Per World Trademark Review, at least one attempt has already been made to claim trademark rights in the phrase JE SUIS CHARLIE, “the slogan adopted by supporters of free speech and freedom of expression in the wake of last week’s Charlie Hebdo magazine massacre in Paris.” Following in the footsteps of previous efforts to trademark phrases such as BOSTON STRONG, OCCUPY WALL STREET, JUSTICE 4 TRAYVON, HANDS UP DON’T SHOOT, and I CAN’T BREATHE, an applicant named Yanick Uytterhaegen filed a trademark application in the Benelux region (Belgium, the Netherlands, and Luxembourg) for the mark JE SUIS CHARLIE on January 8, 2015, just one day after the attack on the Charlie Hebdo headquarters in Paris that killed twelve people.
Attempts to claim exclusive rights in common phrases and slogans in the wake of an event, cause, or movement are sufficiently commonplace to be considered inevitable. However, attempts to secure formal registration of such marks are seldom successful, because (1) common slogans are rarely associated in the public’s mind with a single source for goods and/or services, and (2) slogans arising from tragic events are generally considered unregistrable as offensive or disparaging in many jurisdictions. Plus, as the ALS Association learned last summer when it tried to appropriate the phrase ICE BUCKET CHALLENGE (see an earlier post on this subject here), such efforts tend to result in a public relations nightmare for the would-be claimant. Read the full article here, and the JE SUIS CHARLIE application here.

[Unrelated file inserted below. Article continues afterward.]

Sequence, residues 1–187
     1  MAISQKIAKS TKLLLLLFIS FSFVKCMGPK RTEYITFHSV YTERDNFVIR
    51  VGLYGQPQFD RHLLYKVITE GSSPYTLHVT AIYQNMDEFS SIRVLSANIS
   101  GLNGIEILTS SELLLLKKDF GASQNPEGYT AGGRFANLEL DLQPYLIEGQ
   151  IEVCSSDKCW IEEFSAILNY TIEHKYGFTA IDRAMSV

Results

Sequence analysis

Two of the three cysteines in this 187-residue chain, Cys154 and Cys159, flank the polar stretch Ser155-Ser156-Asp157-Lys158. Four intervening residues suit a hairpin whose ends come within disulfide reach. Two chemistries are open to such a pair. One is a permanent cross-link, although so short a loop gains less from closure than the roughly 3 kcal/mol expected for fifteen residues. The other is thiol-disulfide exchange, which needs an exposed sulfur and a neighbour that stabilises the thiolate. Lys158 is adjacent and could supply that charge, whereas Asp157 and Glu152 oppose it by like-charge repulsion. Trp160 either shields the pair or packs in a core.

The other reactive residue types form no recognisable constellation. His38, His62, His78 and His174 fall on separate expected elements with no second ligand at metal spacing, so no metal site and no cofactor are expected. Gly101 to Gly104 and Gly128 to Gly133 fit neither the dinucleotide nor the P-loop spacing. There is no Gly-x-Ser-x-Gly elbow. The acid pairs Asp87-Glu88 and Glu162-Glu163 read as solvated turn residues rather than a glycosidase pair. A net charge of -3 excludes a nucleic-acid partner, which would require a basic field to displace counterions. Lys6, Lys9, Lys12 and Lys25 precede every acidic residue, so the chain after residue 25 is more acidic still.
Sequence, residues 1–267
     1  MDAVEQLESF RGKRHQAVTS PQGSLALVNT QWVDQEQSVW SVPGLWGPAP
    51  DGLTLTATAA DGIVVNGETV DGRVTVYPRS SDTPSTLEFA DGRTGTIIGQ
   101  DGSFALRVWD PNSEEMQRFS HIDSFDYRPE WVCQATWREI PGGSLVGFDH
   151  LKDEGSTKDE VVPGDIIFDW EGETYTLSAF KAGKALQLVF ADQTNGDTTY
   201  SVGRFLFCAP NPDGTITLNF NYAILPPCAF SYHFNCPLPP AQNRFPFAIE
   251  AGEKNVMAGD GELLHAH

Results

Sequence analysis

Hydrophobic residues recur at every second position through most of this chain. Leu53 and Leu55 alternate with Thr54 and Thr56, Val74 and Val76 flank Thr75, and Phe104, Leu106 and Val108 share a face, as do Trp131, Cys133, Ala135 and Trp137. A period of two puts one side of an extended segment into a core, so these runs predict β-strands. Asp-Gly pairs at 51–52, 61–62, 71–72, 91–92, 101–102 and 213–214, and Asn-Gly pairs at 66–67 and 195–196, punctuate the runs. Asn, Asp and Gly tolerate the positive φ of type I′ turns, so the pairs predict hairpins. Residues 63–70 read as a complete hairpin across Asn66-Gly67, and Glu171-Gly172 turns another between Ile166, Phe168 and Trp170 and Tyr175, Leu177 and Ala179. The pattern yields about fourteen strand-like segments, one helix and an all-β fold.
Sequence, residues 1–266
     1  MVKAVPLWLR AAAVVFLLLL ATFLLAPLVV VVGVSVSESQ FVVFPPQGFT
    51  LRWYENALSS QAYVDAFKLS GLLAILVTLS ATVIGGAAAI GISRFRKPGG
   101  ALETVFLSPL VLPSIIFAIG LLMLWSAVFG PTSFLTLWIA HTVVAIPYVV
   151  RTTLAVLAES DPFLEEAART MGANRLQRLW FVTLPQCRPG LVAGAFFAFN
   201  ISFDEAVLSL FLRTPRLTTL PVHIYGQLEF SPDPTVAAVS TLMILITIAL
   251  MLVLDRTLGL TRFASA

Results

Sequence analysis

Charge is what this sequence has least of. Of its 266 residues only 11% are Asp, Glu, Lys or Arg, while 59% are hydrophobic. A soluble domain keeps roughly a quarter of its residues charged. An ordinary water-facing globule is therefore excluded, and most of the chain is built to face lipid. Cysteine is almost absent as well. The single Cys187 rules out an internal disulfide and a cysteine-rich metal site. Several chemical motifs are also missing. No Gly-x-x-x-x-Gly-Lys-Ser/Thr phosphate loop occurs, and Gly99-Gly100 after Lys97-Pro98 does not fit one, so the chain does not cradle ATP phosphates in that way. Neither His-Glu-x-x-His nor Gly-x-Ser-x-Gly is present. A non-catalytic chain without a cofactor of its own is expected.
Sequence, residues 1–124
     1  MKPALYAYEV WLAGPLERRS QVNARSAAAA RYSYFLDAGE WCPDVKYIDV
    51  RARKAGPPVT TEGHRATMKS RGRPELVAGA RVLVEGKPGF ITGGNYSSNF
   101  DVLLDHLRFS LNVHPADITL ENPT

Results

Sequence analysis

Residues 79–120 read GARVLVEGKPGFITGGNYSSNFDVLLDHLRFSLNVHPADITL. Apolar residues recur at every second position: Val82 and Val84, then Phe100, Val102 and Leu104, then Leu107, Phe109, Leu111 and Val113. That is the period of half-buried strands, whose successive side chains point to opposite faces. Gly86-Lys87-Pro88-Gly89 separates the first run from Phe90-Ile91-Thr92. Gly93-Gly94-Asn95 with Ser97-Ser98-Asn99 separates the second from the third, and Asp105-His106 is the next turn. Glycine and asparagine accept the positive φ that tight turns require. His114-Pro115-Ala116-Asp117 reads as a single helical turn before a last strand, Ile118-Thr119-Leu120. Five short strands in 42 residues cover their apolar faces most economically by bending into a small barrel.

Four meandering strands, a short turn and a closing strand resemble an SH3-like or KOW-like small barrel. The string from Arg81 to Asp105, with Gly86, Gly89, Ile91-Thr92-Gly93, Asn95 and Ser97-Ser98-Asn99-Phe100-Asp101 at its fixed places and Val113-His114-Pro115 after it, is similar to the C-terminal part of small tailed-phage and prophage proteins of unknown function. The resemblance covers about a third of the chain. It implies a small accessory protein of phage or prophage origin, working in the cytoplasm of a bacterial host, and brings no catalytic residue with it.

Reposted from World Trademark Review.